living room interior design
interior design living room in use

The clearer the brief the better! That doesn’t mean knowing the exact look you’d like. But it does mean sharing your inspirations and the feel you’d like to achieve, along with the practical issues you’d like to address.

Questions I ask clients to consider include the following but this is really just a starting point. Also gather pictures from magazines or Pinterest, photos from holidays you’ve loved, favourite fabrics etc. I could go on and on! But my main point is oversharing – too much information is good!

  • The most important thing you need to consider – the feel
  • Do you have a vision of your mind about how you’d like it to look?
  • What are your favourite places, hotels and restaurants?
  • What patterns and colours do you like? And what don’t you like?
  • What are your favourite designers and brands?
  • How do you envisage using this room?
  • Is this a room you typically use in the day or the evening? Or both?
  • What are your furniture and storage requirements?
  • Is this room a priority for budget spend?

Projects where a client gives no brief or “do whatever you like” simply don’t work. There are thousands and thousands of different ideas out there. If your designer doesn’t have a sense of what you’d like to achieve there are likely to miss the mark.


There is still a perception that a mood board is a rigid board with a set of images and samples. And a mood board only gets you so far!

At the Concepts stage, I help my clients create an end vision in their minds of what a room will look like. I like to think of it as an anchor to which you can keep referencing. Do I use mood boards? Yes, I do but in a non-rigid way! I instead combine mood boards that encapsulate the look and feel (inspirational images); samples trays that bring the decorative schemes to life (with fabrics, paints etc) and then visuals (outline layouts, sketches and drawings). Non of these are set in stone. So at the first meeting, I show different ideas and then play around with them with the clients, getting lots of feedback. I allow for two sets of revisions but other designers work in different ways. So always ask about that when you get a quote.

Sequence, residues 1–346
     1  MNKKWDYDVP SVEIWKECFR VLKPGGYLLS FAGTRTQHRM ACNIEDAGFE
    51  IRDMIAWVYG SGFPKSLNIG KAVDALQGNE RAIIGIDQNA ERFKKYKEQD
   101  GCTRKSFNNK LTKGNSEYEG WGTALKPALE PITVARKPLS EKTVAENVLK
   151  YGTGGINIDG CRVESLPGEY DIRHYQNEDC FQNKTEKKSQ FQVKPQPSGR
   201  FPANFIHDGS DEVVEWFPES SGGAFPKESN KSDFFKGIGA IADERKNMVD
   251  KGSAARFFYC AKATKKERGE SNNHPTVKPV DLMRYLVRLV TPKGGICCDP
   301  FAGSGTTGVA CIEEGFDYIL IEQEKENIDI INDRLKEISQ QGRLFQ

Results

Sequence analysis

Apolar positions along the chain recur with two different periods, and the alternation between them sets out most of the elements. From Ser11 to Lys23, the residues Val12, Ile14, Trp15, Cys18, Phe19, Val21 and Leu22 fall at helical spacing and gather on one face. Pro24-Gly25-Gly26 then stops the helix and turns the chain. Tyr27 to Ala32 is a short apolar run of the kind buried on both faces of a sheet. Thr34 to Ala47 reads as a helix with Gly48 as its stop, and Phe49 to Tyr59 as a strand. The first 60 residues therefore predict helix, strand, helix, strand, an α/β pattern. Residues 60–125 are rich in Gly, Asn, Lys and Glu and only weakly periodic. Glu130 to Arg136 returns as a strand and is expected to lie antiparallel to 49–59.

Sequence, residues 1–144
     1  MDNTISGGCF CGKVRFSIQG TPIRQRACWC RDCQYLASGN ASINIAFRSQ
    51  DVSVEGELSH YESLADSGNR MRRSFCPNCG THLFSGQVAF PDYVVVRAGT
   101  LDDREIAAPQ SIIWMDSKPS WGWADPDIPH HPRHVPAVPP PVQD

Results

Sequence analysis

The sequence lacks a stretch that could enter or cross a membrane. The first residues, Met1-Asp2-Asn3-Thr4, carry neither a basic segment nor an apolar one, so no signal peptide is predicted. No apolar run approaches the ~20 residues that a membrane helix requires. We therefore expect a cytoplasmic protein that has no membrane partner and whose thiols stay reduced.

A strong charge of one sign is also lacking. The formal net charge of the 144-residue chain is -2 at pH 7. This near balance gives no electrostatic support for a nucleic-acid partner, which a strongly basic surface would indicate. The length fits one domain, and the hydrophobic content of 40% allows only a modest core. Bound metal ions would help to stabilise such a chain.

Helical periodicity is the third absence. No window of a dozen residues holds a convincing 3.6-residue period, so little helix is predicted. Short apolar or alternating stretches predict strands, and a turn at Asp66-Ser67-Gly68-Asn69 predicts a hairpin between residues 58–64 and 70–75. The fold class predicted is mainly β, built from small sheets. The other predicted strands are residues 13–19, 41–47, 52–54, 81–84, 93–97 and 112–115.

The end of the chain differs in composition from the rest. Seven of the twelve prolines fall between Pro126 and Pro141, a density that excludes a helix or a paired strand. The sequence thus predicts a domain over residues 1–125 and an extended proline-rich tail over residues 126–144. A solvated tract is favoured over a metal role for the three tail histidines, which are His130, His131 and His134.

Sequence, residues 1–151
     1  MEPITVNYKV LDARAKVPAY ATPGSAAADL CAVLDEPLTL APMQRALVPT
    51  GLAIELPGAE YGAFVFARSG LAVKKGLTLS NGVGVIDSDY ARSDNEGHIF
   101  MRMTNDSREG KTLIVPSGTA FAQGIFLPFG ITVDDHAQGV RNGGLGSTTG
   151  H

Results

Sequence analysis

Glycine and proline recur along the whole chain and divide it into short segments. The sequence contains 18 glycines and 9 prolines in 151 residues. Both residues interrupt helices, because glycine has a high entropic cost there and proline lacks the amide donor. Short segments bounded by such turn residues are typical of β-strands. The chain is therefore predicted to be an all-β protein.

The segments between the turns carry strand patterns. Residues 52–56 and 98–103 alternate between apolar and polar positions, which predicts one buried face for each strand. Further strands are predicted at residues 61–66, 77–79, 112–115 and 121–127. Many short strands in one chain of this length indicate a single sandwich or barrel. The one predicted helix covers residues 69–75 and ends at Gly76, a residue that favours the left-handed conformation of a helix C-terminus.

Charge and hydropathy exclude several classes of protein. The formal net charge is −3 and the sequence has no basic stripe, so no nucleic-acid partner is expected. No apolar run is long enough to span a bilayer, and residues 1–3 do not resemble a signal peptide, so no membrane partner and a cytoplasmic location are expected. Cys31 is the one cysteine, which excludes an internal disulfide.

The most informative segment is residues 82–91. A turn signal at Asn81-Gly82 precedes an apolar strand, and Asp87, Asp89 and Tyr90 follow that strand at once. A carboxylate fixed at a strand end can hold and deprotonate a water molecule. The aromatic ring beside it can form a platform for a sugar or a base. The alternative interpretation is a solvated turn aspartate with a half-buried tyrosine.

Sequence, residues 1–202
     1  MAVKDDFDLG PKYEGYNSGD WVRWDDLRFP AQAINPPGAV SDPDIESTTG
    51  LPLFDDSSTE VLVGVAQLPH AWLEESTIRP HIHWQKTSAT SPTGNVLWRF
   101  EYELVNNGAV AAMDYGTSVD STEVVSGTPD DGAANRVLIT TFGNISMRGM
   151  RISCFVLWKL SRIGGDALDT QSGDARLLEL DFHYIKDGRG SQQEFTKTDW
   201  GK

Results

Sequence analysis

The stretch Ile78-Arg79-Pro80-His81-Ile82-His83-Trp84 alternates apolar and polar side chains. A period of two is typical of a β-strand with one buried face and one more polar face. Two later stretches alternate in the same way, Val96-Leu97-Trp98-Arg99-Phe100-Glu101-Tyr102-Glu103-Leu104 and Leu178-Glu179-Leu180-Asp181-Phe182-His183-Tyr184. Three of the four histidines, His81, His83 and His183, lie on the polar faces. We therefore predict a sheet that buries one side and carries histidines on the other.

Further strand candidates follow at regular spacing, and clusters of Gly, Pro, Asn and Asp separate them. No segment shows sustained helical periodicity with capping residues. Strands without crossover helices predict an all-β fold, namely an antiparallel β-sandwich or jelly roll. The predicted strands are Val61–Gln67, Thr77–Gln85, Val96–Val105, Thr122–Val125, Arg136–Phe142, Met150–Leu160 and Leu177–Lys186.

ideas interior design
idea creation interior design

Until these concepts are signed off we don’t move on to the more detailed design development stages such as sourcing. It’s so important to get this stage right as it provides an anchor to keep referencing back to.


Many people are worried their designer will take over or be precious about their designs. You should feel confident to speak up if you are uncomfortable. Always feel you can share ideas and let them know if you feel they are going away from the vision you have in your mind. The early days are all about getting the concepts right. The best way to do this is by working with your designer to shape them, with both of you sharing ideas. If you wait until a few meetings in, you will have already gone down one route and then it’s more difficult to reverse and try a different design route!

samples interior design
lisa bradburn interior design


When you work with an interior designer, they will have a vision in their mind about how the room will look. If you have invested in visuals (and I always recommend that) you will have a very clear vision of what they look like. But if you decide to not invest in the visuals, you’ll need instead to have faith in your designer. The most common time to have a wobble is when paint goes on the wall.

Paint can look wrong until it’s mixed with other colours and textures. When you just see one colour it can look really overwhelming- but when you add other colours into the mix it can look very different. And when it’s all done you wonder what you worried about! Try not to question your designer’s decisions until it’s finished!

kitchen blue interior design

I hope you’ve found this article useful. If you’d like to get in touch to discuss your modern country project I’d love to hear from you.